The patient was mobile at home and was walking with two walking sticks. She had stage 4 gonarthrosis according to Kellgren-Lawrence classification in her both knees. The patient had morbid obesity. She also had untreatable sleep apnea, urinary incontinence, umbilical hernia, and hypertension controlled by drugs. Her family history included lymphedema. She was using Zaldiar (1*2), Fludex (1*1), Coraspirin (1*1), Venorutan(1*2), and Co-diovan (1*1) daily. During the initial examination, the patient’s pain, circumference measurement, and mobility were evaluated and images were taken.
Edema was evaluated by measuring the extremity circumference. The measurements were made before and after the treatment at the level of metatarsal heads, 4 cm proximal to metatarsal heads, at the level of the lateral malleolus, and with 4 cm intervals thereafter. The measurements are given in table 1.
The pain score was 10 according to visual analog scale (VAS) in both knees. The pain could be related to gonarthrosis and immobility. Accordingly VAS, score of 0 refers to ‘no pain’ and score of 10 calls‘worst imaginable pain’.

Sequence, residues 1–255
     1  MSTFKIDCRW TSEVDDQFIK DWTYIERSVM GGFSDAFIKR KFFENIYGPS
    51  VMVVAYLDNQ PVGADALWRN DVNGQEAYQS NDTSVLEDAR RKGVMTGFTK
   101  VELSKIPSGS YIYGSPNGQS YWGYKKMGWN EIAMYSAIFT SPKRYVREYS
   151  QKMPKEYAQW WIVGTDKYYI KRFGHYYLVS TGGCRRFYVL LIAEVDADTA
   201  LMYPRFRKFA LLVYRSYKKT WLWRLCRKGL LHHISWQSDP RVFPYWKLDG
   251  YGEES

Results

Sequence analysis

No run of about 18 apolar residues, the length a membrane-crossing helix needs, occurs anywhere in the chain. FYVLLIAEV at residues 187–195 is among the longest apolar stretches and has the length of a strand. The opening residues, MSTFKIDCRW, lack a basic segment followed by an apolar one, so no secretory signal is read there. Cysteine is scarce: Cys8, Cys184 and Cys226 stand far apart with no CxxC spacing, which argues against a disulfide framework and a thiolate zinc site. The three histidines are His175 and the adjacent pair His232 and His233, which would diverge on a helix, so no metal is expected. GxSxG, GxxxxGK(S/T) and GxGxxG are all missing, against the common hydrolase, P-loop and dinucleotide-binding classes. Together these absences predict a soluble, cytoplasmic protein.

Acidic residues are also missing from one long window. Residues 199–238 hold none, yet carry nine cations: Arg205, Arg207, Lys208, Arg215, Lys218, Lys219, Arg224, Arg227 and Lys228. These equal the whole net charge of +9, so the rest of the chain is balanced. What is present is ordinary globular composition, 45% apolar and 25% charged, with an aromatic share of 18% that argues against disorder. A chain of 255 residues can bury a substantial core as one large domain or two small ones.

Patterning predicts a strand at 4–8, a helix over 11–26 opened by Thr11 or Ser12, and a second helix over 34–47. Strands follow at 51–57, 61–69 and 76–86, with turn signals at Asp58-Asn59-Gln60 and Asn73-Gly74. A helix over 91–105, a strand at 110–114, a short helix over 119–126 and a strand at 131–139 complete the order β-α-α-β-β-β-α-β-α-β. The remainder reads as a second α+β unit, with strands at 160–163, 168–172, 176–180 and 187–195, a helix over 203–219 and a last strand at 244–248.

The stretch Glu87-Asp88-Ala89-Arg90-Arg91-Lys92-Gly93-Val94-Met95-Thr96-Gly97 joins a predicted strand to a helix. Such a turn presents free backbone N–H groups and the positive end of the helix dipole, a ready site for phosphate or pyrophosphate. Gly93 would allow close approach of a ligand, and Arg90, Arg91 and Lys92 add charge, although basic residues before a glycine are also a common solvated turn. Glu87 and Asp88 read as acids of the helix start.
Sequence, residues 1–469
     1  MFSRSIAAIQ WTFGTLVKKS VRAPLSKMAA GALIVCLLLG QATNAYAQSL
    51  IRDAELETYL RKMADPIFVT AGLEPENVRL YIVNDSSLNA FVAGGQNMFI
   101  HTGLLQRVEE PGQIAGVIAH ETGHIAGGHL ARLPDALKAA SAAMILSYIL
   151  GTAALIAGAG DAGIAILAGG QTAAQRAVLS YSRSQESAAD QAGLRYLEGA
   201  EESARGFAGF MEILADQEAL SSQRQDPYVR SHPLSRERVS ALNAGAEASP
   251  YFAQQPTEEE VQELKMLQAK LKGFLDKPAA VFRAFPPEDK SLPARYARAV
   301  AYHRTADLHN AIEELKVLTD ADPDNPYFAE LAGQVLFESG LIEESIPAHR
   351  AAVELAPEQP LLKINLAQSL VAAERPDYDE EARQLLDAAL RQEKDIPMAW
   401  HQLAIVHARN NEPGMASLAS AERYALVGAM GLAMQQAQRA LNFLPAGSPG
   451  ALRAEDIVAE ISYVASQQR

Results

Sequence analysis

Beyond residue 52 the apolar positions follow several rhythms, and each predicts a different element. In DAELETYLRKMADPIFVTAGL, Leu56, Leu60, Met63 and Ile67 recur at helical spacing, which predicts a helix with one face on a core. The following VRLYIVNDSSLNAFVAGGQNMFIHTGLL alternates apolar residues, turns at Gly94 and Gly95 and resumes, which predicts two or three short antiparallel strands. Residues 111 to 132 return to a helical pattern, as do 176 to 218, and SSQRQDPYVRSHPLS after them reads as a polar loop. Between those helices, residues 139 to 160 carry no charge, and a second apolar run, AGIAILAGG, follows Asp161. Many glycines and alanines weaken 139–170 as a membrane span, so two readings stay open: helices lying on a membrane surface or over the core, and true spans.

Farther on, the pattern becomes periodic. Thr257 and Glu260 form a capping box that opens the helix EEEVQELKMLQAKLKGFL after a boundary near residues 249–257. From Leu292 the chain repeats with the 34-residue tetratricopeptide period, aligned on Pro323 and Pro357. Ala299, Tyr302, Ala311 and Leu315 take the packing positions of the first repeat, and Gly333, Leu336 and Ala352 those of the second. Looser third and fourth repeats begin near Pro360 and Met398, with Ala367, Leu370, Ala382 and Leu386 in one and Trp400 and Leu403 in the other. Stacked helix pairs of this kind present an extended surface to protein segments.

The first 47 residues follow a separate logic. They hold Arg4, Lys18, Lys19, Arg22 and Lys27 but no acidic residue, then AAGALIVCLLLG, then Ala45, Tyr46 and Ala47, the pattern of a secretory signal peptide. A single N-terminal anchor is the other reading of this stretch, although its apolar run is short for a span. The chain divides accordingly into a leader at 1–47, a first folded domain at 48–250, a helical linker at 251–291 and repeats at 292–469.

The patient was managed as an outpatient because the patient could not go up and down the stairs and there was not an elevator in her house. At first, the patient was informed about her disease, treatment, and her and her family’s responsibilities. We encouraged the patient to participate in the treatment. The patient was taken into treatment for 6 days in a week.
Manual lymph drainage
The session was started with the manual lymph drainage performed by a physiotherapist. Simultaneously, manual lymph drainage was taught to the patient. Since the body edema was too much, lower body drainage was performed primarily for 5 sessions. The session was ended with the application of short stretch bandages to both lower extremities. Then, the sessions continued with left lower extremity since the edema was more significant on the left. The treatment continued with twelve sessions of left extremity drainage and simultaneous 6 sessions of lower body drainage. Because the patient had umbilical hernia, abdominal techniques weren’t applied. Abdominal techniques are contraindication for umbilical hernia. Only deep breathing techniques were applied at beginning of the manuel lymph drainage. After drainage, both lower extremities were bandaged. Lastly, 10 sessions of right extremity drainage were applied.
After manual lymph drainage, skin care was performed with a moisture cream Sebamed® with a pH value of 5.5 every day. After the 4th session, the patient’s cysts ruptured and a heavy exudation occurred. During this period, the wound was cleaned with physiologic saline and dressed with sterile gauze. Compression bandaging of both extremities continued.